Today is not much better than yesterday. The number of coronavirus cases in the U.S. keeps going up. Americans are being asked to avoid all international travel. Restaurants, bars and other businesses continue to lay off employees as their foot traffic plummets.
But, at the very least, people are doing something. States are taking actions that could help us weather the storm. Families, friends and colleagues are being innovative about ways to connect. Animal shelters are seeing an uptick in foster volunteers, as those working from home crave a snuggle buddy.
Because animals can serve as a boon to our mental health, I'm going to leave this link to a site that streams live webcams focused on them here as today's palate cleanser.
Personally, I enjoy the panda cam.
I hope that helped. Let’s get to the news.
There's a lot of talk right now about how best to help higher education.
Senator Lamar Alexander, the Republican from Tennessee who leads the Senate education committee, is calling on Congress to help those with student loan debt in the third proposed COVID-19 relief bill. He wants to let student loan borrowers defer payments, as well as ensure students can keep their federal Pell Grants.
Some Senate Democrats are pushing even further and calling for a minimum of $10,000 in relief for those with federal student loans. Their plan also calls on the U.S. Department of Education to make payments on all federal student loans throughout the public health emergency period.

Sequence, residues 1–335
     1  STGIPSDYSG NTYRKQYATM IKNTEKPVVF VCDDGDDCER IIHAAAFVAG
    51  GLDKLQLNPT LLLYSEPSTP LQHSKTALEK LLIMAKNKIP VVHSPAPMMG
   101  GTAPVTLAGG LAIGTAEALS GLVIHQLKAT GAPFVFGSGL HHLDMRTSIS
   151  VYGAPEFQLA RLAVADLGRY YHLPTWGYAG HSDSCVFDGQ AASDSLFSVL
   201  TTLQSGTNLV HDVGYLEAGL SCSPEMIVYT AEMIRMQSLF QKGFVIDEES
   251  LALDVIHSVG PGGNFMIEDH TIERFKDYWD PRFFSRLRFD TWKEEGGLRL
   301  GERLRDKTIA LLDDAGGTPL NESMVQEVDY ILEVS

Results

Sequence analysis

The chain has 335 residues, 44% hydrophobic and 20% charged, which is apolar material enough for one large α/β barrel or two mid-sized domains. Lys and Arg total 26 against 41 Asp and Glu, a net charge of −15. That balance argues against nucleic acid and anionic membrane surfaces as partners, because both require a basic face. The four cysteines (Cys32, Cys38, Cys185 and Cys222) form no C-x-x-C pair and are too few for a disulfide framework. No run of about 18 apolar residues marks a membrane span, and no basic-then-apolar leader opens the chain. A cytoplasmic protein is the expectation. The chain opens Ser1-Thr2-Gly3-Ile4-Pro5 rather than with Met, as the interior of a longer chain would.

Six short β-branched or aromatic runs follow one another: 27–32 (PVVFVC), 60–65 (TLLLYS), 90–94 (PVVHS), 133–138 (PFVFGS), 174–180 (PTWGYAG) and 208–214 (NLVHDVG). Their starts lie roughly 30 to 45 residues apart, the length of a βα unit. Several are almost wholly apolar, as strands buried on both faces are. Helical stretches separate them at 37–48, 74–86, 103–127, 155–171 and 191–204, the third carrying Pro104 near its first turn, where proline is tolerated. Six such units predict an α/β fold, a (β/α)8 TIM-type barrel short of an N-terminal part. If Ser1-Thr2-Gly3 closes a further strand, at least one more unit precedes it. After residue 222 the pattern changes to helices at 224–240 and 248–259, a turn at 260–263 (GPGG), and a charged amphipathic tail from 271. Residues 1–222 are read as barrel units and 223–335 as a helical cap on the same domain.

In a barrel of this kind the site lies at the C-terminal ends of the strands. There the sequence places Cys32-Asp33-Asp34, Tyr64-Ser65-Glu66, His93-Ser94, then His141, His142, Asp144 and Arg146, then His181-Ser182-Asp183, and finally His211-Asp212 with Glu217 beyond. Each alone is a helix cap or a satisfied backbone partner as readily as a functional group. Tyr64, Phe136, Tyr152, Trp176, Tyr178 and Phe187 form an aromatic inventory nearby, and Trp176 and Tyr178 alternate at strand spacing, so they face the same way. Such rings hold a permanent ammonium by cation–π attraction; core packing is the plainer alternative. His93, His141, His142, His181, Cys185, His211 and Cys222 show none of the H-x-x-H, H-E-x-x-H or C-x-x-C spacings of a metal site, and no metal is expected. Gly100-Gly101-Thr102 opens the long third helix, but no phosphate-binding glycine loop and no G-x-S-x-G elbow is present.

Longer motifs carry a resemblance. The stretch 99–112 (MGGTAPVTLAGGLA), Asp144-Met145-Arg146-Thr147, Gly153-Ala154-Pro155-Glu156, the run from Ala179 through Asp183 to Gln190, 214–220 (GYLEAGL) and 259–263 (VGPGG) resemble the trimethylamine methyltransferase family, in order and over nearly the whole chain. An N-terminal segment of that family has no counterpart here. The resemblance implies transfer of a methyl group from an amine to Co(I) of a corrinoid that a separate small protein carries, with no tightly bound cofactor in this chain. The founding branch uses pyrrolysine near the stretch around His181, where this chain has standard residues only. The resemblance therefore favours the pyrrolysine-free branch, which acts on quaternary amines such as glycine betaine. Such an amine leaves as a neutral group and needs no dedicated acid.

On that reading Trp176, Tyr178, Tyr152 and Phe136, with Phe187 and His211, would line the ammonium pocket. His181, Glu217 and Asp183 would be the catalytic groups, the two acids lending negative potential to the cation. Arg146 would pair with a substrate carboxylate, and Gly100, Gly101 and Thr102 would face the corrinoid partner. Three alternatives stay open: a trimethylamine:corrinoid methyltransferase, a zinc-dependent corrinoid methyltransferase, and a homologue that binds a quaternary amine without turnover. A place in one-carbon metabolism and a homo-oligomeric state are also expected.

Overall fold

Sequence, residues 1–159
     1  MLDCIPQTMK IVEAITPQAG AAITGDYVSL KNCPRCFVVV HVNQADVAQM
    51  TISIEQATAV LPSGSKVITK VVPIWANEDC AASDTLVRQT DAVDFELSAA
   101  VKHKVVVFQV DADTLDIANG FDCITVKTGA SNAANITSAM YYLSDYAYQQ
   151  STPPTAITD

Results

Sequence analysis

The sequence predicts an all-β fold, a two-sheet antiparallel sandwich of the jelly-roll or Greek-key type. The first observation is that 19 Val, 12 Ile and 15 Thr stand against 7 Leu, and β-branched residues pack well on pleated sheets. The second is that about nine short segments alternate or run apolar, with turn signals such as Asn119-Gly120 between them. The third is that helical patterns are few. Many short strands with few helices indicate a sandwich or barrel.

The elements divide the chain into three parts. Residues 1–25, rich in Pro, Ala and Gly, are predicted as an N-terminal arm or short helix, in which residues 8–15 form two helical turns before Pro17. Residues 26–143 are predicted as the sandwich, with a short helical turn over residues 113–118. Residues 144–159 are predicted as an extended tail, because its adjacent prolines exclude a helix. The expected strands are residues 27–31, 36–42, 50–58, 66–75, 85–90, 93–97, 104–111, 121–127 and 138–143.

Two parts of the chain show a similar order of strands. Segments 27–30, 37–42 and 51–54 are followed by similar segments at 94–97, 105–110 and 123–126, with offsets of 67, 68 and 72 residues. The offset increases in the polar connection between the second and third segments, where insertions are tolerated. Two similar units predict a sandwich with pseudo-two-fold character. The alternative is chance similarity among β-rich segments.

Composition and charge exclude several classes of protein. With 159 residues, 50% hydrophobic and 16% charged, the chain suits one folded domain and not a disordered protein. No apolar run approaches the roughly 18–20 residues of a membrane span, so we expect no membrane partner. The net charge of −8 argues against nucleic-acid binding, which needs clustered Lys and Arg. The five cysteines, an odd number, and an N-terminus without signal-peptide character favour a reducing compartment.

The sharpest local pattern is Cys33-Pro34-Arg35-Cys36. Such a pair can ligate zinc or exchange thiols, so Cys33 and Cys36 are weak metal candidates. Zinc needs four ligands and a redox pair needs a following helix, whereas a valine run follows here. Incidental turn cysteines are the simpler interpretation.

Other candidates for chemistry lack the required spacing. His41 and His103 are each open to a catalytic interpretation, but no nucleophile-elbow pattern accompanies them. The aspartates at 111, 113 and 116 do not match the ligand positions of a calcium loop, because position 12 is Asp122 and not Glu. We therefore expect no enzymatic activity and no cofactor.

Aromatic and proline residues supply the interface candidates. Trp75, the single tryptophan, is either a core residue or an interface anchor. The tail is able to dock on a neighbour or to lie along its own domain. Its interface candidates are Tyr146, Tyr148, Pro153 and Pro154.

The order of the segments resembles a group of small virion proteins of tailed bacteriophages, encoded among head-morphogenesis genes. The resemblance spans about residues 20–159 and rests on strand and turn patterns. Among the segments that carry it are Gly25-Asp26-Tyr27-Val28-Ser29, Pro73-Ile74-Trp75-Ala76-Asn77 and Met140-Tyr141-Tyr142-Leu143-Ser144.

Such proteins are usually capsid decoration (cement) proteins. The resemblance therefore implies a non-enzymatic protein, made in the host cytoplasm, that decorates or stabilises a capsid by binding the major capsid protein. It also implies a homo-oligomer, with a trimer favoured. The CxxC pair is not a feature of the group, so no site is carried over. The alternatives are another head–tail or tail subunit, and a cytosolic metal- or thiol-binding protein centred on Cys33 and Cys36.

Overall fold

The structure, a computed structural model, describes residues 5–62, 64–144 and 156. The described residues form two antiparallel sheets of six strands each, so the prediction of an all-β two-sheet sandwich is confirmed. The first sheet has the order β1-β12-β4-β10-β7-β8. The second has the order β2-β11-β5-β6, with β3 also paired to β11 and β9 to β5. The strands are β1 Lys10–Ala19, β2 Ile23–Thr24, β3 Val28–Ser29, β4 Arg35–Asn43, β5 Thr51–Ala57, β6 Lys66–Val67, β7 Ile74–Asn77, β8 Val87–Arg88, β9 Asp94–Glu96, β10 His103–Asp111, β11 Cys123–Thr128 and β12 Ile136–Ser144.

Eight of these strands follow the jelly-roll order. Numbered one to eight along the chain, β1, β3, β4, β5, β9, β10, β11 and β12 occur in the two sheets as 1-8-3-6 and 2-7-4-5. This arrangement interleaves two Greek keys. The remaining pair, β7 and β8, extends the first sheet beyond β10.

A bill that would let veterans keep their housing allowances from the GI Bill if their colleges went online due to the coronavirus is headed to President Donald Trump's desk after passing the House and the Senate.
Here’s a quick roundup of our latest stories, in case you’ve fallen a bit behind (we don’t blame you):
Lilah Burke asked whether moving to pass/fail in this crisis is the right move.
I wrote about how things look right now for open-access institutions.
Kery Murakami talked with advocates and others about the proposed federal stimulus plans and whether they'll be enough.
Students at Pomona College in California are refusing to leave campus, Greta Anderson reports, citing unsafe home conditions.
News From Elsewhere
More data are coming out that show everyone should be concerned about the coronavirus. The New York Times reports that many of the people who are hospitalized with COVID-19 infections are between the ages of 20 and 54.
New York University is asking students to leave their dorms, which would be reoutfitted into makeshift hospital rooms if necessary, according to a Times live update.
Higher education in Australia is experiencing the same abrupt changes as their counterparts in the U.S., Times Higher Education reports.
This is a time when everyone has an opinion. As journalists, we try not to have opinions, but we've gathered some interesting ones from others.
Feeling stressed? Who isn't? An associate professor of counseling psychology at the University of Wisconsin at Madison has some tips for how faculty members can cope.
An international enrollment director at the University of Colorado at Colorado Springs argues that colleges aren't doing enough for their international students during this crisis.
Remember when the NCAA canceled their basketball tournaments? Yes, it feels like years ago. New America has a blog post up on how that move could impact funding that goes toward student athletes' educational needs.
Got any percolating thoughts, or notice any from others? Feel free to send them our way or comment below.
We’ll continue bringing you the news you need in this crazy time. Keep sending us your questions and story ideas. We’ll get through this together.